Adshead, a consultant at the Broadmoor Psychiatric Hospital in Berkshire, was awarded £5000 for A Short Book About Evil, an anatomy of evil that combines clinical vignettes with studies in psychology and theology.

Edmund Gordon was also awarded £5000 for his much-anticipated biography Angela Carter: the Biography, which will not only tell the story of the life of the English feminist novelist but also the cultural history of Britain in the 1960s.

They join a long list of literary luminaries who first found acclaim at the Jerwood Awards, running since 2004 with sponsorship by the Jerwood Charitable Foundation, including Alexander Monro, Selina Mills and Rachel Campbell-Johnston.

The judges, authors Richard Davenport-Hines and Caroline Moorehead, and The Telegraph’s own literary editor Gaby Wood, stressed the importance of the awards as a financial lifeline for writers when most in need of resources.

City of Lies and A Short Book About Evil are both slated for publication in 2014, while Angela Carter: The Biography is due out in 2016.

Hamlet’s Arab Journey: Shakespeare in the Arab world

This is a podcast from Pod Academy with Prof Margaret Litvin, looking at the curious phenomenon of Shakespeare in the Arab world. In it you’ll learn whether or not Shakespeare was an Arab called Shaykh Zubair, that Shakespeare had already been performed in Yemen within Shakespeare’s own lifetime, and that the most famous Shakespeare ‘text’ in the Arab world is not an early modern English stageplay, but a 20th-century Russian film.

http://podacademy.org/podcasts/hamlets-arab-journey-shakespeare-in-the-arab-world/

 

Theatre’s Arab Turn

Published in The White Review

Apart from the odd Shakespearean exception, from Othello the Moor of Venice to the Merchant of Venice’s marginal Moroccan suitor, The Prince of Morocco, Arabs have never pulled off a prominent presence on the British stage. Strictly speaking, the examples cited aren’t even Arabs. However, in recent years a burgeoning fashion for theatre from or about the Arab world has madeBritain host to the Western world’s greatest cacophony of Arabic voices on stage.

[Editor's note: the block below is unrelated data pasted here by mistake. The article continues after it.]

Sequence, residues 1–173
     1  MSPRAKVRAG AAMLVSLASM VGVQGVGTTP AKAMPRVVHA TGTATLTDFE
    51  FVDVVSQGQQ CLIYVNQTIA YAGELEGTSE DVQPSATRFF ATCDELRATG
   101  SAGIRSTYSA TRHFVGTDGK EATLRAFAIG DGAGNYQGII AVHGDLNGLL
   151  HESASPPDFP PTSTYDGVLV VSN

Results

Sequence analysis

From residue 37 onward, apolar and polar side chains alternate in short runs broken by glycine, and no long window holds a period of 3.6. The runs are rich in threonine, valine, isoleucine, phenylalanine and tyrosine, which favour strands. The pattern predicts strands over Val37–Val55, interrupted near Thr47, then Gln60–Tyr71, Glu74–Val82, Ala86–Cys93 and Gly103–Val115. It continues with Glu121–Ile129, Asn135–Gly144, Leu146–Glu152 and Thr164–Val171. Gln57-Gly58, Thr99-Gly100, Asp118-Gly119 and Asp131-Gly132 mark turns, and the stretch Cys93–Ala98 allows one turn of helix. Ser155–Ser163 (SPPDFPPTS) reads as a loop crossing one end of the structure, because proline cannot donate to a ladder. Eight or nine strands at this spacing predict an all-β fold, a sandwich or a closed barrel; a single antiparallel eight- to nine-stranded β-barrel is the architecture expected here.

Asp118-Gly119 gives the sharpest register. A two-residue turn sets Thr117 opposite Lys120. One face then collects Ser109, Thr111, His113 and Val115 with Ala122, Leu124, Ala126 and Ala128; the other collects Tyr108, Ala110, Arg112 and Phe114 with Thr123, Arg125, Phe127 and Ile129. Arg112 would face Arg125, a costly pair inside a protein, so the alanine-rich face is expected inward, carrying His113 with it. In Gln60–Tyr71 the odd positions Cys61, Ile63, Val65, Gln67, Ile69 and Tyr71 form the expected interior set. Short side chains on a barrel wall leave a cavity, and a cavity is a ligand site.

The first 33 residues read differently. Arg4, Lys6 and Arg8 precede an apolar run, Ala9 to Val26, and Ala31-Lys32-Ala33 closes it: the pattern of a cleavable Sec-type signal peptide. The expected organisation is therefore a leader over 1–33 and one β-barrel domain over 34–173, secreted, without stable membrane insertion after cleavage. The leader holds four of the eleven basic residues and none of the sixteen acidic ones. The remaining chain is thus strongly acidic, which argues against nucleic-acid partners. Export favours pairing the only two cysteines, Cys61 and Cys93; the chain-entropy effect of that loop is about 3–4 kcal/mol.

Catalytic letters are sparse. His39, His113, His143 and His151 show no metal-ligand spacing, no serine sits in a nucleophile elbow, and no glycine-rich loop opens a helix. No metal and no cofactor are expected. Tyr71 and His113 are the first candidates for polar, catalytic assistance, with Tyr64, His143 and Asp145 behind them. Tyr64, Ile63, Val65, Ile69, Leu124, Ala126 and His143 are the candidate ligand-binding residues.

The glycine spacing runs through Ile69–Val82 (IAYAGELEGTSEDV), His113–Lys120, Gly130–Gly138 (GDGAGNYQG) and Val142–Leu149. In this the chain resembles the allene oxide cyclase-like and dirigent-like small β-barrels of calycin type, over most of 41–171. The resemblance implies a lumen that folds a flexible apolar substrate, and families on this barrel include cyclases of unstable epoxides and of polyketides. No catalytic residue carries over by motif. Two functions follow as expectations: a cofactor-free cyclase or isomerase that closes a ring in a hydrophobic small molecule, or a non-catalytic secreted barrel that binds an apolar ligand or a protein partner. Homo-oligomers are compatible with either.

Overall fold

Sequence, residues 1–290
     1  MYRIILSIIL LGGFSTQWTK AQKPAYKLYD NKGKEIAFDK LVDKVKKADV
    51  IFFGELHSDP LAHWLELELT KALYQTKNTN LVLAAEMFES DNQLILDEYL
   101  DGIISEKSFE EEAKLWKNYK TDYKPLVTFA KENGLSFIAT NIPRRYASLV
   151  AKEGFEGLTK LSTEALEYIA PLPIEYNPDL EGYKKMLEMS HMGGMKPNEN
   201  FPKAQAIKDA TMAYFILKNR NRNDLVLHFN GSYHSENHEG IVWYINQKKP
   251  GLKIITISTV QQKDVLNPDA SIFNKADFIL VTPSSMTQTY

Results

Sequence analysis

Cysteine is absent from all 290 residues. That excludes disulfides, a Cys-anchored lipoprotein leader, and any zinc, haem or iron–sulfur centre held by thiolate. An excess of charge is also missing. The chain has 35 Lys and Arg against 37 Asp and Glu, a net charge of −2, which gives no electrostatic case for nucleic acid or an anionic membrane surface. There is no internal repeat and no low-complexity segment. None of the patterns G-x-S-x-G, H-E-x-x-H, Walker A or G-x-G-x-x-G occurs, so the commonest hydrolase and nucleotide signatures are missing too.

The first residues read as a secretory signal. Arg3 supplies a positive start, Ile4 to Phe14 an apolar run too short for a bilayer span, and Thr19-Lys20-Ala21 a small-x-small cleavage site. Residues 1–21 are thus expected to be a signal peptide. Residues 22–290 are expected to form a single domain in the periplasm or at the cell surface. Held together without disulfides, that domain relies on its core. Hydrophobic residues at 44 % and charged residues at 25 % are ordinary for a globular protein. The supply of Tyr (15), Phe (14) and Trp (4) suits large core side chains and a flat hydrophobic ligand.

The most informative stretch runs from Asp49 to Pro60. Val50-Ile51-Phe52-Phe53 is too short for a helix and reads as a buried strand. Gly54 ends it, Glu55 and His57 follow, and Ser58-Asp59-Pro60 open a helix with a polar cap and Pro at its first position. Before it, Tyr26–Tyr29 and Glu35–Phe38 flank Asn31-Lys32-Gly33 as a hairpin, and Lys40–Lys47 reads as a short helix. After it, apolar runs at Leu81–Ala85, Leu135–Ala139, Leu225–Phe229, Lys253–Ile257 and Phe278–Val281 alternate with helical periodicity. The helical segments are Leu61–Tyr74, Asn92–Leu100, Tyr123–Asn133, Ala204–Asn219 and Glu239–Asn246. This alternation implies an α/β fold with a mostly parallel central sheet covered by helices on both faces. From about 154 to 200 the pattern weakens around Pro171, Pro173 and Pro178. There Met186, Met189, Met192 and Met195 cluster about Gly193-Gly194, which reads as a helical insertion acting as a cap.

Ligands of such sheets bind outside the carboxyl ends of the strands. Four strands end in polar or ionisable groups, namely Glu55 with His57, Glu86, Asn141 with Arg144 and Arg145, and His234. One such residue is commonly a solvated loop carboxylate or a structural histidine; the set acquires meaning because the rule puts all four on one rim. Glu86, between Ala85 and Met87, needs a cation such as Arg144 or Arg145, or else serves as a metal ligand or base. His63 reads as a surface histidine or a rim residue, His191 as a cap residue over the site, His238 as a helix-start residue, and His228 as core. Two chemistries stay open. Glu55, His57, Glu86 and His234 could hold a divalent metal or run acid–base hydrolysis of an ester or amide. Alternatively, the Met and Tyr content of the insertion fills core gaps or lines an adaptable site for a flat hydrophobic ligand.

As the groundbreaking World Shakespeare Festival comes to a close, it is worth noting a salutary fact amid worsening regional relations: there were more Arabic-language productions in Britain than in any other language besides English: Cymbeline at The Globe in Juba Arabic; Romeo and Juliet in Baghdad at the Swan Theatre in Iraqi Arabic; and a Palestinian Arabic production of Richard II, also at The Globe. There even came a point a few weeks ago where it would have been possible to see Shakespeare in Arabic three days in a row.

One might legitimately ask whether these Shakespeare performances are Arabic voices. Shakespeare was no Arab, although some Arabs have been wont to pass him off as one; an Iraqi literary critic once joked that Shakespeare is an Anglicism of an Arab bard named Shaykh Zubair; who else but an Arab could hate Jews, Turks and the French with Shakespeare’s stubbornness?

Even amid The Globe’s Elizabethan awnings and Tudor beams, no one could doubt while watching the Ramallah-based Ashtar Theatre Company’s Richard II that this was an original Arabic voice, especially when a dethroned Richard rots in a morbidly Middle Eastern gaol (not necessarily Israeli, and the better for it). Meanwhile, a symbolically subverted (South) Sudanese Cymbeline sides with the ancient Britons against imperialRome, but – in a postcolonial twist – the Romans arrive dressed in the khakis of British imperialism.

This was Shakespeare directed and performed by Arabs in Arabic. Once, Shakespeare’s Arabs were ciphers for his voice – like countless Middle Eastern politicians, those Arabs were puppets at an Englishman’s mercy. But at the World Shakespeare Festival, Shakespeare himself became a cipher for Arab voices. In the Arab world, this is actually nothing new. Shakespeare remains perennially popular fare in the theatres of revolutionaryCairo, strife-riddenDamascus, even on a few, gender-segregated salafist Saudi stages (where, with women forbidden from performing the female roles, performances are arguably truer to Shakespeare than anything at The Globe).